All of this is compelling stuff. You can hear it in our conversation and this is what I talk about with other folks at Entercom. In Boston you can talk about the Red Sox or what is going on with the Patriots. Those are big conversations about big franchises, but here, if you know Memphis, you’re really digging into the subculture here. It’s the SEC guts and glory.
DR: So given how focused you are on being a Memphis station, how much air time is devoted to the Titans making the playoffs or the Predators making a run to the Stanley Cup? Are those teams perceived as strictly Nashville teams or is there enough bleed over?
BC: I think there’s some bleed over, but it is like C-level. It is the lettuce in the sandwich.
DR: I guess too, there is a major difference between the NFL and the Titans and the NHL and the Predators.
BC: Certainly. On top of that, there is a major difference between Nashville and Memphis. There’s a rivalry there. Maybe a little more on the Memphis side than the Nashville side.
Memphis is the chip on your shoulder, Memphis vs. everybody mentality. Whereas Nashville is the Los Angeles of the South. It’s “We have the NFL and we have the Predators. Look at all these cranes in the air! We’re building another condo!”. Let me be clear. I think Nashville is a great city, but I think many of our listeners perceive it differently than I do.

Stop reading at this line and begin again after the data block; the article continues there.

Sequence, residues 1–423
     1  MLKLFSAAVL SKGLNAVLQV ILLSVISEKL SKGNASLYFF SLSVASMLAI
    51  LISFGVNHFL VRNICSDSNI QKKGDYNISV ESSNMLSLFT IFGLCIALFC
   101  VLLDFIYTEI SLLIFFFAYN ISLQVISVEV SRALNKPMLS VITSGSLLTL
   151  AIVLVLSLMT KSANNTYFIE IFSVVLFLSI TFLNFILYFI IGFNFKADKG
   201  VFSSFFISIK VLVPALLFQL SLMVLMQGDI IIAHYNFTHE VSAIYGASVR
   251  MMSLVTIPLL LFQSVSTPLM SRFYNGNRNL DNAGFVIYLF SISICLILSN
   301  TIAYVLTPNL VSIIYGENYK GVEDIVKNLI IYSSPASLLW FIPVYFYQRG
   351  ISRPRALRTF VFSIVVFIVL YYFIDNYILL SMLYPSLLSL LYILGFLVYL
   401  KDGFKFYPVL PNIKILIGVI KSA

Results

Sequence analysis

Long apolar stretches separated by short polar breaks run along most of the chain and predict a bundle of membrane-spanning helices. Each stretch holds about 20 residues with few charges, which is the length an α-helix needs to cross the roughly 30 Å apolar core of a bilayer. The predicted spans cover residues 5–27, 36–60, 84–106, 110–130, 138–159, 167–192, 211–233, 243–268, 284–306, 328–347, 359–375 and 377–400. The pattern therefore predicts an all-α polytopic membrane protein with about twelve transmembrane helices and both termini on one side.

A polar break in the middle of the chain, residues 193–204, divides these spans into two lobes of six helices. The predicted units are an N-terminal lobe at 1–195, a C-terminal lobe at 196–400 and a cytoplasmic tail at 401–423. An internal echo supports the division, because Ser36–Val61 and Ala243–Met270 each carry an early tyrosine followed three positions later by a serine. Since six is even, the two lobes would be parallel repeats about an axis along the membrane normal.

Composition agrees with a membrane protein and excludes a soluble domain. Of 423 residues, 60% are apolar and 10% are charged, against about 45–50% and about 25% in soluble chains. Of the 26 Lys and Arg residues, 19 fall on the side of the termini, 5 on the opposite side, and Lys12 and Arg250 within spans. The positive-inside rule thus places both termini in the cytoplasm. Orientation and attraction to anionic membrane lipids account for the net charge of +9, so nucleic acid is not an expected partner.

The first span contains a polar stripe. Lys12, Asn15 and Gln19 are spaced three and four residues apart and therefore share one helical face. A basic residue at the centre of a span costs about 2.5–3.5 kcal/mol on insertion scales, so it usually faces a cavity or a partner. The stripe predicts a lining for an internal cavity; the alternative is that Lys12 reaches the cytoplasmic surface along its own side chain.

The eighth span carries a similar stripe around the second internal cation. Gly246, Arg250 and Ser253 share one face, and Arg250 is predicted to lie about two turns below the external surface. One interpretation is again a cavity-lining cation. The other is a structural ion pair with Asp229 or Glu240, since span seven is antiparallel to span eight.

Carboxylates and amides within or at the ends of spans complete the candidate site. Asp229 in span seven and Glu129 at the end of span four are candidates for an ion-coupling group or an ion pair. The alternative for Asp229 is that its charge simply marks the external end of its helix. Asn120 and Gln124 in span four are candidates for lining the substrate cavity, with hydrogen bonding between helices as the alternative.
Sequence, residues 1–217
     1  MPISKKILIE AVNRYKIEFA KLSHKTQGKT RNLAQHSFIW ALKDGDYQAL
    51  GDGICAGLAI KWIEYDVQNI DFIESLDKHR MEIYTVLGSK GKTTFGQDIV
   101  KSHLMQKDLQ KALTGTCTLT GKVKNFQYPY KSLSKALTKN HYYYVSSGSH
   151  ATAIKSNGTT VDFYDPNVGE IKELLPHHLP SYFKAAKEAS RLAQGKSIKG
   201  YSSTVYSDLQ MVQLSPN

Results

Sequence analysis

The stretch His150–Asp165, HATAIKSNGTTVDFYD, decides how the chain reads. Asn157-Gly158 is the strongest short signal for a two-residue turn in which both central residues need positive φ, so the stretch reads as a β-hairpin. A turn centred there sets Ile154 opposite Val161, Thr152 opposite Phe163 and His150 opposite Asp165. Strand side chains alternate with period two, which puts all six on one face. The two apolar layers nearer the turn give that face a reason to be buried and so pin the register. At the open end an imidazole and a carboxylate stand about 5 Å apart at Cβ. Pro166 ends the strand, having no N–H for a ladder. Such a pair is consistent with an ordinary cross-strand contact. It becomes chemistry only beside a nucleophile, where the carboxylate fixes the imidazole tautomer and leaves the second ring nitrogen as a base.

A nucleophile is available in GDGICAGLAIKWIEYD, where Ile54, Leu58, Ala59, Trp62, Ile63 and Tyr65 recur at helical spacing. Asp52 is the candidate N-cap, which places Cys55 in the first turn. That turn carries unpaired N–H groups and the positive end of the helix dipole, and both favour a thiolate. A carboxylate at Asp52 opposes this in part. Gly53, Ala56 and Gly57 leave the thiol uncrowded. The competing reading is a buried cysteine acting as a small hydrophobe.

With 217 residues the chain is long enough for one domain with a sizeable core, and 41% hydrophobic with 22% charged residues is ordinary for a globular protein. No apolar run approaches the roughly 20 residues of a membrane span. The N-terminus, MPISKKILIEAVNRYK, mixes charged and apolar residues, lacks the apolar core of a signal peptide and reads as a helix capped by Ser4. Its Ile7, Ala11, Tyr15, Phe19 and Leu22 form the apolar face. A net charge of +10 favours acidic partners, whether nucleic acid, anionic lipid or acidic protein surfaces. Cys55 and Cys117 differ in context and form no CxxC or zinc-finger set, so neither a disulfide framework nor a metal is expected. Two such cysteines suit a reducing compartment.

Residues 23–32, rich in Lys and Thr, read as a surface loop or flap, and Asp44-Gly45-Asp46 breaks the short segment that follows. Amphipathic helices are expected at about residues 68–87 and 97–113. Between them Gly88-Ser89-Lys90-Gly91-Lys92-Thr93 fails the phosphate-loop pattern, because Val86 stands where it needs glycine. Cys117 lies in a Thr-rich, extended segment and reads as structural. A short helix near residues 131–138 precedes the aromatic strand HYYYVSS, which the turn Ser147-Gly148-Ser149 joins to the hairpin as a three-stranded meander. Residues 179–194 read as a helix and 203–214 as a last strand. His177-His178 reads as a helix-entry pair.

Gary Parish and I talk about this a lot. Gary is much more of an open thinker because he has to travel all over the place. People here, they support the basketball teams because they live on the streets of Memphis and they play hoops. Our listeners are invested in this story about Penny Hardaway coaching a high school team in East Memphis. That is a big, local, guts of the city story.
When the Predators are in the Stanley Cup Finals, yeah that’s our state. We do want to bring attention to that. The Titans make the playoffs? Of course we will talk about that. We carry their games. The Titans and the Vols, we carry them. They are worthy play-by-play, but Nashville teams will always be the lettuce in the sandwich.
DR: Can Memphis grow as a sports city? Is there room for a second major, professional league to move in?